Officer’s Casual Clothes Result In Loss Of Job In Residency Case

John Senn was hired by the City of Cleveland, Ohio Police Department in 1991. Senn and his wife initially lived in Cleveland. After their children were born, however, Senn’s wife wanted to move out of Cleveland. In September 1996, Senn’s wife and two children moved to a single-family home in Mentor, Ohio. One month later, Senn purchased a one-bedroom mobile home in Cleveland, Ohio. Senn testified that he lived there with his brother-in-law until July 2002, when he moved to an apartment in Cleveland, Ohio.

Senn testified that he and his wife jointly own the home in Mentor and were not legally separated. According to Senn, after his wife refused to live with him in Cleveland, he decided that he would “try to keep my family together as best I could,” so that “on my off days and every chance I could, I would go visit my kids and try to maintain a father/son/daughter relationship as best I could.” Senn admitted that he cuts the lawn and does other maintenance work “all the time” at the house on Buchanan Court and that he sometimes slept there.

The City fired Senn for failing to comply with the City’s residency requirement. Senn appealed to the Ohio Court of Appeals, arguing that the City has not proven that his residence was in Mentor.

The Court rejected Senn’s arguments. The Court observed that “the witnesses who testified for the City and the videotape introduced at the hearing demonstrated that Senn actually lived with his wife and two children in Mentor, rather than in Cleveland. Senn and his wife jointly own the Mentor home and Senn is listed as a mail recipient at the Mentor address. An investigator for the City testified that although he periodically checked the Cleveland location during his five-month surveillance of Senn, he never found Senn there. In addition, the investigator testified that although he conducted his surveillance on different days and at different times of the day, including early morning, midday, and late evening, he frequently observed Senn’s vehicle parked in the same location in the driveway of the Mentor home. The investigator also observed Senn at the Mentor home on several different occasions wearing very casual clothing, such as shorts and no tee-shirt, or a bathrobe with no shoes, and observed a sign in front of the Buchanan Court home which stated “The Senn’s.’”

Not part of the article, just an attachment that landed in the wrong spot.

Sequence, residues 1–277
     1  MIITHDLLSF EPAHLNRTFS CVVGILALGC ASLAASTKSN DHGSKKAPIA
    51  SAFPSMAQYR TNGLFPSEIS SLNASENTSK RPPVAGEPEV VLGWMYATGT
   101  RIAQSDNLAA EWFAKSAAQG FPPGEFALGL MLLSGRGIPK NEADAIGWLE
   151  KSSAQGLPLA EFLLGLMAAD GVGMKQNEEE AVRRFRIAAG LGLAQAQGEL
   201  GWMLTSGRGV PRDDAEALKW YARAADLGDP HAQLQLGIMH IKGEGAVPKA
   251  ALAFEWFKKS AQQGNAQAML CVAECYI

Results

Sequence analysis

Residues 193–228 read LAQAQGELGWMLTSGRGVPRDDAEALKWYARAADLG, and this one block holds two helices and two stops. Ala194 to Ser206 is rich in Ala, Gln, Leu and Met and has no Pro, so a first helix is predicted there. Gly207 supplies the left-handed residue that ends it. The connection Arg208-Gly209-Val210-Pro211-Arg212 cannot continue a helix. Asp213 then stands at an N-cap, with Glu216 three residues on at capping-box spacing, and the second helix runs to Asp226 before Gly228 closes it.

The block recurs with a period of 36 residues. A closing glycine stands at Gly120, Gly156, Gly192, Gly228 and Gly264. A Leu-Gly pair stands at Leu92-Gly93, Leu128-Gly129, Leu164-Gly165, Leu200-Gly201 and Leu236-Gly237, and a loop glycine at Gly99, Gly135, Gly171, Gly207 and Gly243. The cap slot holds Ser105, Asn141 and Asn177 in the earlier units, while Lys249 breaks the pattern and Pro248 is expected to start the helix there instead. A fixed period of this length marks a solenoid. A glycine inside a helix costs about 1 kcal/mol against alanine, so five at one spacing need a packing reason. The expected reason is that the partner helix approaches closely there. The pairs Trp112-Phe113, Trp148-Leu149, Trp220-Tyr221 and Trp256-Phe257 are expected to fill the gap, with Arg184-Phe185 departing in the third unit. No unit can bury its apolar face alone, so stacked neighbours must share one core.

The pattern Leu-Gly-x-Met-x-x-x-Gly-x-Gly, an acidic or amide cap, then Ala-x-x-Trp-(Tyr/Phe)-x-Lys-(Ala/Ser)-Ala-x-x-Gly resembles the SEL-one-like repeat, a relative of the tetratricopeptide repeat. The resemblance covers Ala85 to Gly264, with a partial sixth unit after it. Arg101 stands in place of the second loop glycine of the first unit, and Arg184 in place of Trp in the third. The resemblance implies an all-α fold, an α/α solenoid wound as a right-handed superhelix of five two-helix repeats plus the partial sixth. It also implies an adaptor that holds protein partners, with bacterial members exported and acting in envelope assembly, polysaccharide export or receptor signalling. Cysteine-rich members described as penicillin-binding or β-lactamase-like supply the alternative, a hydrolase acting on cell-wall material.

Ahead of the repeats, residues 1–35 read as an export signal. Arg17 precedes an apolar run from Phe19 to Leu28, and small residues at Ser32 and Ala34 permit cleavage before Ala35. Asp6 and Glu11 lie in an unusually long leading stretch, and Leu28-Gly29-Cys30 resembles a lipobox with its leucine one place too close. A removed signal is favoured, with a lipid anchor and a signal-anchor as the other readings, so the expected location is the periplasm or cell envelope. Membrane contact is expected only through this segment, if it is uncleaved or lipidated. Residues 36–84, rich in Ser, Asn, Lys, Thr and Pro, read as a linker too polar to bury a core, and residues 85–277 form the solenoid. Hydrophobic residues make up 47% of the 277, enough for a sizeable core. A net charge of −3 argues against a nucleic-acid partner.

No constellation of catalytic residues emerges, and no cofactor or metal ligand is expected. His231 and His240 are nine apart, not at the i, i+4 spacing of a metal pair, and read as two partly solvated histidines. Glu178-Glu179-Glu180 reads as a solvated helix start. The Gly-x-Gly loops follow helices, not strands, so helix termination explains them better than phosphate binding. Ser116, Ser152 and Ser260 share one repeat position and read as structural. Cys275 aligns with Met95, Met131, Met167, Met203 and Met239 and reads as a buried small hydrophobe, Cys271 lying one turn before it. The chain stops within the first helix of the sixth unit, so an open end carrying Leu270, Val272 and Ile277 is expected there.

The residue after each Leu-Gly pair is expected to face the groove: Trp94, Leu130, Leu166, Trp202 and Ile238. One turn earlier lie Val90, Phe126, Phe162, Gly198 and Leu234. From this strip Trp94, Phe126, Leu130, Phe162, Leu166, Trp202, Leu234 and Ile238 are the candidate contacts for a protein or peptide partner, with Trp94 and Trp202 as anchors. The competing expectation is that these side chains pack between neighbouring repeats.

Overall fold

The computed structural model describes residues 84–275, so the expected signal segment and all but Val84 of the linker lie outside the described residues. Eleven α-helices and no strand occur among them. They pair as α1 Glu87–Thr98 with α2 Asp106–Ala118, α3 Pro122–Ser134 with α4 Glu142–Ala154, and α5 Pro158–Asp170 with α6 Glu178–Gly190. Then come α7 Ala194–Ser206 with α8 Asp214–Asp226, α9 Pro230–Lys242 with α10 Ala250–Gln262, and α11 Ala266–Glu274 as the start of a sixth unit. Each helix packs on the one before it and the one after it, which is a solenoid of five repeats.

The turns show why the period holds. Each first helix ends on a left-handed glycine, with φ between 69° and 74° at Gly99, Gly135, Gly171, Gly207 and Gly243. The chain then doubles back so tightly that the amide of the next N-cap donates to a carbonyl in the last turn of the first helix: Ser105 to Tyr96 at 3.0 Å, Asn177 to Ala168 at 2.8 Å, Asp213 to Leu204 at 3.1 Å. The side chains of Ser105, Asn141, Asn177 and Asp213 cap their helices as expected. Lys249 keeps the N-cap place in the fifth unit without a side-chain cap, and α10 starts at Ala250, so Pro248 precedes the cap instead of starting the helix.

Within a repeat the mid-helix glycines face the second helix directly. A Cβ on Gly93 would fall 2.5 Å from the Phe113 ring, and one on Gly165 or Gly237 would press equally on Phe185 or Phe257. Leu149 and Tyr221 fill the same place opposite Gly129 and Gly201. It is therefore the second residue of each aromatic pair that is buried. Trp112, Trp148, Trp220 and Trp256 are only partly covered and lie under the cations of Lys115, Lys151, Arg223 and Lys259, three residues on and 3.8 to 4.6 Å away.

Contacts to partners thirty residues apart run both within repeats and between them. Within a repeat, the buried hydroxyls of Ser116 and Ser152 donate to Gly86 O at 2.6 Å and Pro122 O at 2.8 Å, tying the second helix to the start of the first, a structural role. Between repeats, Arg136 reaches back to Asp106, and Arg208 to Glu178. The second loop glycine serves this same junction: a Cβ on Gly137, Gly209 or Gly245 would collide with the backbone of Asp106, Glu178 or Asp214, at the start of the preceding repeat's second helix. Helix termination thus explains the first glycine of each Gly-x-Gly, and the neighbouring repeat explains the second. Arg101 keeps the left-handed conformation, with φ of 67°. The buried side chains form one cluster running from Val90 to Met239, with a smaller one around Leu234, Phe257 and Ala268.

The Court found this evidence sufficient to demonstrate that “Senn did not actually reside in either the one-bedroom trailer or the apartment, but rather lived with his wife and two children in Mentor in a well-appointed suburban home. Senn’s casual clothing and his frequent repairs to the home are more indicative of that of a homeowner rather than someone who is merely visiting his children. Finally, if Senn actually lived in the mobile home, the investigator would surely have seen him or his car there at least once over the five-month surveillance period.”

Senn v. City of Cleveland, 2005 WL 428764 (OhioApp. 2005).

This article appears in the April 2005 issue